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Build or destroy? Investigating how plants connect protein synthesis and degradation to regulate protein quality control

Principal Supervisor: Professor Daniel Gibbs

Secondary Supervisor(s): Dr Saverio Brogna

University of Registration: University of Birmingham

BBSRC Research Themes:

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Deadline: 4 January, 2024


Project Outline

How do plant cells make sure that the proteins they produce are error free and fully functional?

Proteins are essential components of cells, and the proteome - i.e., the complete cohort of proteins and their modification status - must be effectively regulated to maintain cellular integrity. A critical contributory step to proteome function is protein synthesis, where mRNAs are decoded and translated into polypeptides by the ribosome. However, problems can arise during this process, leading to the production of aberrant proteins that negatively impact cellular function. Consequently, defective mRNAs and proteins must be recognised and destroyed, and dedicated machineries exist to facilitate this. Despite their central importance for ensuring proteome homeostasis (proteostasis), mechanisms controlling co-translational mRNA and protein quality in the plant kingdom are still largely unknown. This represents a major ‘black-box’ in the field of plant cell biology, since precise protein translation is essential for coordinating growth, development and resistance to environmental stresses that negatively impact plant productivity and survival. Increasing our understanding of the breadth of mechanisms employed by plants to ensure effective mRNA translation under stress has strong potential to identify novel targets for manipulating traits of agronomic importance and could facilitate the development of improved crop varieties with enhanced performance. As such, this project aligns with the BBSRC priority area of sustainable agriculture and food.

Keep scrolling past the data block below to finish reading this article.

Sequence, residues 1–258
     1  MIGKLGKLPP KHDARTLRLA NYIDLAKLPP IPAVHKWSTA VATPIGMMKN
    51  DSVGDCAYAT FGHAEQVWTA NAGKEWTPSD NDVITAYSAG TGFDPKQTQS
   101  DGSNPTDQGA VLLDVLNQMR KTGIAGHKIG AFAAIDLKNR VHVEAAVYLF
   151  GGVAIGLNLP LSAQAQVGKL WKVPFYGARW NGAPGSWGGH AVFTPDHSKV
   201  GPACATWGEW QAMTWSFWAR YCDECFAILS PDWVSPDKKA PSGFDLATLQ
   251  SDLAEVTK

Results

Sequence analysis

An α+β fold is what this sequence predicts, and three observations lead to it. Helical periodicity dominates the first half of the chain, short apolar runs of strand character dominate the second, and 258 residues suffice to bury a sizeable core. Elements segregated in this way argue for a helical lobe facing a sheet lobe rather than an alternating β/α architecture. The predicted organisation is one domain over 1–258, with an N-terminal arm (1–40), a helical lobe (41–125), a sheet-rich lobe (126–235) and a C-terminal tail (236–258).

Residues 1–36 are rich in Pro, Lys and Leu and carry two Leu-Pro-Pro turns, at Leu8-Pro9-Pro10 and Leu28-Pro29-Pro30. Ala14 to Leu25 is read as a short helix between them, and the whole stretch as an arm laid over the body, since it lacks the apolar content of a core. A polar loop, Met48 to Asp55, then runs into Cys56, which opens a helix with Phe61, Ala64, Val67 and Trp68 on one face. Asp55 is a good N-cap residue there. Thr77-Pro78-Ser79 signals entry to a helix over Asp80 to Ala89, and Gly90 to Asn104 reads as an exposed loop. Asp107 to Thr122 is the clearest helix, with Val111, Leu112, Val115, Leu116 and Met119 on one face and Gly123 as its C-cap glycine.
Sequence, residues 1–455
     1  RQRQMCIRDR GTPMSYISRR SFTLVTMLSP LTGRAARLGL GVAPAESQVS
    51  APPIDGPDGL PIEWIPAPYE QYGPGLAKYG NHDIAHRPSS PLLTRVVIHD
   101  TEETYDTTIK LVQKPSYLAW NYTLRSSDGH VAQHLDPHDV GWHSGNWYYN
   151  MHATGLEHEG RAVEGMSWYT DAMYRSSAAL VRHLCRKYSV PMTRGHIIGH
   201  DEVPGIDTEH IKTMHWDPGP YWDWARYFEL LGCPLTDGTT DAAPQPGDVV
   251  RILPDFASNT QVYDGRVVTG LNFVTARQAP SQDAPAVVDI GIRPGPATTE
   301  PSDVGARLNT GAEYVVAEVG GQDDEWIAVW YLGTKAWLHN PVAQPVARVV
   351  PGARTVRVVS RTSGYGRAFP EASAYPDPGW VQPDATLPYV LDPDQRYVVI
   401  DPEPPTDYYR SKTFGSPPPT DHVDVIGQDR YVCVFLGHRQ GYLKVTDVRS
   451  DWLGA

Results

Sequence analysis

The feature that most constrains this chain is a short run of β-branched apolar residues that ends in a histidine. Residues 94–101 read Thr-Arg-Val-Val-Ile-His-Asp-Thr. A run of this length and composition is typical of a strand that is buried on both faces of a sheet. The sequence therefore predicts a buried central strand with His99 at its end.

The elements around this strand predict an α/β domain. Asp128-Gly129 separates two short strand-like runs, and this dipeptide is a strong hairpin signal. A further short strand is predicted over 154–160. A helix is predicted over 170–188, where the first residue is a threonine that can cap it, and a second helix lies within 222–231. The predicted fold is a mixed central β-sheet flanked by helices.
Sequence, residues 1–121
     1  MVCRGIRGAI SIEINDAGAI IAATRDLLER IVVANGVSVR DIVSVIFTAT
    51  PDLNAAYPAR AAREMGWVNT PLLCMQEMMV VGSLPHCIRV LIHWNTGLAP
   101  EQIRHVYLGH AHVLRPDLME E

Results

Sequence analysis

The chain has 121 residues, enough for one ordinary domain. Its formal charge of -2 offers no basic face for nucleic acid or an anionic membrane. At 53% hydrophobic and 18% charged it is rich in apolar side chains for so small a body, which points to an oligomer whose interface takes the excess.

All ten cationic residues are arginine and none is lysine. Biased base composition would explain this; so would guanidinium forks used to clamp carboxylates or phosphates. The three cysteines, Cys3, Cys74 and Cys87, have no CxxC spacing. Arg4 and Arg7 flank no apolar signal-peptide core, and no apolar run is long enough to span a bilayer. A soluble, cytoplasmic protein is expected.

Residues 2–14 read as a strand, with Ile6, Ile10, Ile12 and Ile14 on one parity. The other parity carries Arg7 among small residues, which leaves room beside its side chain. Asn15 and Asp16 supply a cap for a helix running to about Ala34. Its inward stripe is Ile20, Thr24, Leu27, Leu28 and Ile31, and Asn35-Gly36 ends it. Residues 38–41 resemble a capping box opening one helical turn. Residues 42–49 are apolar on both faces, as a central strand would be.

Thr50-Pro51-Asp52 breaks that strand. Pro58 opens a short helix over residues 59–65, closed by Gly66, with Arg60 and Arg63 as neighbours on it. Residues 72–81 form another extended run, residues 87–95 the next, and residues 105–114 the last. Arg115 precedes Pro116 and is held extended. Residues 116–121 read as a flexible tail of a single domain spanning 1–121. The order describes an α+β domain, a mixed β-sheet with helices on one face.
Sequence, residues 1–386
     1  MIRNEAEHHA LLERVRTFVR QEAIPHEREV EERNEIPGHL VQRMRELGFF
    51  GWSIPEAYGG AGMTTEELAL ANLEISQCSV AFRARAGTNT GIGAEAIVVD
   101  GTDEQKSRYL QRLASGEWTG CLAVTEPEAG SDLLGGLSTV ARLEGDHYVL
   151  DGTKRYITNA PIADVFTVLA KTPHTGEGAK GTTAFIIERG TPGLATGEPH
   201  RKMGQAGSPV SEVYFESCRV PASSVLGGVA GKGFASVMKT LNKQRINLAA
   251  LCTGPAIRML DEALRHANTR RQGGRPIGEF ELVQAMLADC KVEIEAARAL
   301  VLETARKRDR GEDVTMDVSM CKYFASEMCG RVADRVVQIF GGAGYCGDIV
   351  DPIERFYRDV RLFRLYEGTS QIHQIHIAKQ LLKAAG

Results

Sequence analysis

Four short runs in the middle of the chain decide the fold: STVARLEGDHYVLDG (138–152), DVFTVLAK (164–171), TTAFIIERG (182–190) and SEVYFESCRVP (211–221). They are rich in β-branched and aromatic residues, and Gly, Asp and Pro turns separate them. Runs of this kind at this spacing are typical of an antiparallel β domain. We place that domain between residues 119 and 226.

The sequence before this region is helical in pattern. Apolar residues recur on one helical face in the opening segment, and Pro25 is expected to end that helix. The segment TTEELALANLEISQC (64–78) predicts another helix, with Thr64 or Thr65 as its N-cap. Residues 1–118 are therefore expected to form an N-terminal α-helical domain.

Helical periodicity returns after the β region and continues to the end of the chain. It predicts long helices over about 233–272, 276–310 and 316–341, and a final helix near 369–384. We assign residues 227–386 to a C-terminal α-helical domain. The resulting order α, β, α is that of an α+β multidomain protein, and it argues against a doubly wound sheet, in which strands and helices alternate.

We recently identified a family of E3 ubiquitin ligases in Arabidopsis that function at the interface of mRNA translation and protein destruction. Here, we will investigate the hypothesis that these ligases are components of an expanded and plant-specific “toolkit” that provides dynamic and stress-responsive functions in translational quality control.

Using a range of cutting edge molecular and biochemical techniques, we will decipher roles for these regulators in controlling global translation. There are several key areas where a PhD candidate would focus their investigations:

  • Defining how these E3 ligases dynamically associate with ribosomes, proteasomes and other cellular machineries to form ‘translasomes’ that act as quality surveillance hubs.
  • Characterising their direct proteolytic and mRNA targets.
  • Determining how they collectively contribute to the control of global and stress-responsive mRNA translation and degradation.
  • Defining their roles in the proteolytic turnover of stalled or misfolded proteins that form when translational errors arise.

The majority of our work is carried out in the genetic model plant Arabidopsis, with the eventual aim of this research being to translate key findings into crop species, such as barley or rice. The research will be largely molecular based and will also include ‘omics’ approaches. The PhD candidate will therefore gain expertise in a wide range of cutting edge and transferable techniques.

Techniques

  • Standard molecular genetics (PCR, qPCR, transgenic generation etc)
  • Western Blotting
  • Immunoprecipitation
  • Yeast two hybrid
  • RNAseq and RIP-seq
  • Polysome profiling
  • mRNA degradome analyses